Archive for February, 2008

Medical Identity Theft

February 27, 2008

I notice you deal with the subject Computer Forensic Science. What do you teach Forensic Nursing and Public Health Nursing students about preventing medical identity theft? This is regarding the public and clients that I communicate with during my Public Health Nursing duties.


Medication Error, comment

February 26, 2008

Adhering to the 6 right of medication administration is really the only sure way of preventing medication errors the best way we can. As a nurse who works on very busy and fast-paced area, it is very easy to overlook the 6 rights, especially when you are pulling meds from a medication-dispensing machine. An incident similar to this one occurred on my unit not too long ago. Fortunately, it did not result in patient harm or death. Misoprostil is used on my unit for cervical ripening. The M.D. ordered for the nurse to place 25mcg of misoprostil. The tablets normally come in 100mcg or 200mcg form. As far as everyone knew, we never had 200mcg tablets. The nurse pulled a 200mcg tablet, and without looking at the label, cut the tablet into 4’s. The patient ended up getting twice the correct dose. The pharmacy had stocked the wrong amount even though the nurse thought she was getting 100mcg. So, it is very important to read labels on medication prior to giving them to the patient, even if you think you are getting the right thing.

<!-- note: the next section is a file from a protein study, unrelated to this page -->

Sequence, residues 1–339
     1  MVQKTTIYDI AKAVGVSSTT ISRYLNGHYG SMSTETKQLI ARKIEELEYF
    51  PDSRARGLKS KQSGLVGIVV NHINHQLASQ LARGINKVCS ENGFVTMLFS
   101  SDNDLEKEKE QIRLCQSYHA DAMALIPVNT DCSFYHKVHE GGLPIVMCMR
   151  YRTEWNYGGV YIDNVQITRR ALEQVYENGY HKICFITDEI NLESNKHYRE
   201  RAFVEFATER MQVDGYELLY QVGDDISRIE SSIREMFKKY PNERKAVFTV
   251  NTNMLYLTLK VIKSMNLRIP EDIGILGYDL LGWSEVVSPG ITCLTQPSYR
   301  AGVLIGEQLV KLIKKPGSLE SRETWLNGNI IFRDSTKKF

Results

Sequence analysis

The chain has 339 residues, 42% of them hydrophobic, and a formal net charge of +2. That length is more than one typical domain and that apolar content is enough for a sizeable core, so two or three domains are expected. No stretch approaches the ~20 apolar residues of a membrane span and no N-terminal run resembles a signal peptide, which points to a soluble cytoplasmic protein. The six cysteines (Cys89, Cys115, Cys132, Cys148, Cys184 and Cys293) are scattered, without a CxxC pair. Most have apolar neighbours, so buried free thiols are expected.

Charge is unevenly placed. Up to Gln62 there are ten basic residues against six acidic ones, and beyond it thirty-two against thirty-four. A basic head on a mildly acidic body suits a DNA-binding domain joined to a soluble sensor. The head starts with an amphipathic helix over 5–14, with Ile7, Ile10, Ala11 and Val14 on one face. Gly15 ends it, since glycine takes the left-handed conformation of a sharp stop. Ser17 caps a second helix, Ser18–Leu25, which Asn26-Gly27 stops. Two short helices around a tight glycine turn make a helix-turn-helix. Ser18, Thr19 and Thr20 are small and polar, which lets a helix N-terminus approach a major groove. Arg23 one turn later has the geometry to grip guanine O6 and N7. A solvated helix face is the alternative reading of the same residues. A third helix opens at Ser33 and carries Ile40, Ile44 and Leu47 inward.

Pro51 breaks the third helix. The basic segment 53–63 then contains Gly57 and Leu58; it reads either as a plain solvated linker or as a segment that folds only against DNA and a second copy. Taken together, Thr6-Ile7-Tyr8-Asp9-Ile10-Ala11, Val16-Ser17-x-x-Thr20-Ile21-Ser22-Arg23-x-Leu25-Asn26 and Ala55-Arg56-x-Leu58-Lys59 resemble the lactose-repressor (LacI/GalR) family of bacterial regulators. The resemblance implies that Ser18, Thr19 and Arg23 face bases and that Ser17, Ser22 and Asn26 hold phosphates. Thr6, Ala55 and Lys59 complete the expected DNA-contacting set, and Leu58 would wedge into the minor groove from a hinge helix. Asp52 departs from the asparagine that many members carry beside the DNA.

Original Post:
September 24, 2007
In 2006, a Wisconsin nurse administered the incorrect medication to a 16-year old girl who was in labor. The medication killed the girl almost instantly. The nurse had been working in the field for 15 years and was described as very competent. Following this incident, it was determined that the medication was labeled incorrectly. The nurse was subsequently charged with involuntary manslaughter.

In reading about the 6 Rights of Drug Administration, I couldn’t help but think of this case and so many other cases with similar circumstances. Any system is going to have flaws as humans are the ones designing the system and entering the data into the system. The 6 Rights can be adhered to, which will greatly reduce these types of occurrences, but they won’t be eliminated.

The charges against the nurse were dropped, but it’s something that she will have to live with for the rest of her life…that’s more punishment than any court could have imposed on her.


Medication Abuse, comment

February 25, 2008

I agree too, that physicians and nurses contribute to the addiction process of some patients. Very often I’ve seen the physician order the patient what he/she is requesting just to make their jobs a little easier, and so that they don’t have to deal with the many complaints these patients may have. Drug seekers definitely know how to work the system and get what they want. If the patient is unhappy with one doctor because they didn’t get the drug they wanted, they will go “doctor shopping” until they find a doctor that will prescribe the drug of their choice. I have also known an individual that goes by several different names, such as married names and her maiden name to be able to go to several different doctors to get her narcotics.

Original Post:
November 14, 2007